The power frequency magnetic field test results shall be classified according to the loss of function or performance degradation of the EUT. These classifications are related to the manufacturer's, the requirements specified by the tester, or the performance level agreed between the manufacturer and the user. The recommended classification is as follows:
 
A) normal performance within the limits specified by the manufacturer, applicant or user;
 
B) The function or performance is temporarily reduced or lost, but the device under test can resume its normal performance after the disturbance has ceased, without operator intervention;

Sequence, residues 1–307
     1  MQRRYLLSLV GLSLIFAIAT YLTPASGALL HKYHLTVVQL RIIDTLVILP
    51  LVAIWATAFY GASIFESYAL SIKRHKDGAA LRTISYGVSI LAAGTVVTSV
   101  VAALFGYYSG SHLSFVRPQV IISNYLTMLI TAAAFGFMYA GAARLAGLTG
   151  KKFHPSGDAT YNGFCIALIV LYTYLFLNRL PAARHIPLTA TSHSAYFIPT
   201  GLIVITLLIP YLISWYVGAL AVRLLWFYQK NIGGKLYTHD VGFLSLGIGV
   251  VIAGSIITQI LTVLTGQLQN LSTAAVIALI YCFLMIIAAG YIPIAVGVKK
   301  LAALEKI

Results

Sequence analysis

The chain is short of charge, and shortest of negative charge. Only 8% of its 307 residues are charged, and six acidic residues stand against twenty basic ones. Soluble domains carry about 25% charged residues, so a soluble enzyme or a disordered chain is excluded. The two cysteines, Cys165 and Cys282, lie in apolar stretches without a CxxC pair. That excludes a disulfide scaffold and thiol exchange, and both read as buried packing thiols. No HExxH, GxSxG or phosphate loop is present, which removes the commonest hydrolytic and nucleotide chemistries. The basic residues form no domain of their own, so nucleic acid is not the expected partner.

C) The function or performance is temporarily reduced or lost, but requires operator intervention to recover normally;
 
D) The function of the hardware or software is damaged, or the data is lost, and the function that cannot return to the normal state by itself is reduced or lost. The manufacturer's specifications can specify which responses to the EUT can be ignored or acceptable.
 
In the absence of suitable GM, product or product standards, this classification may be developed by a professional standardization technical committee responsible for the corresponding product as a guide to clear functional guidelines or as a framework for performance specifications negotiated between the manufacturer and the purchaser.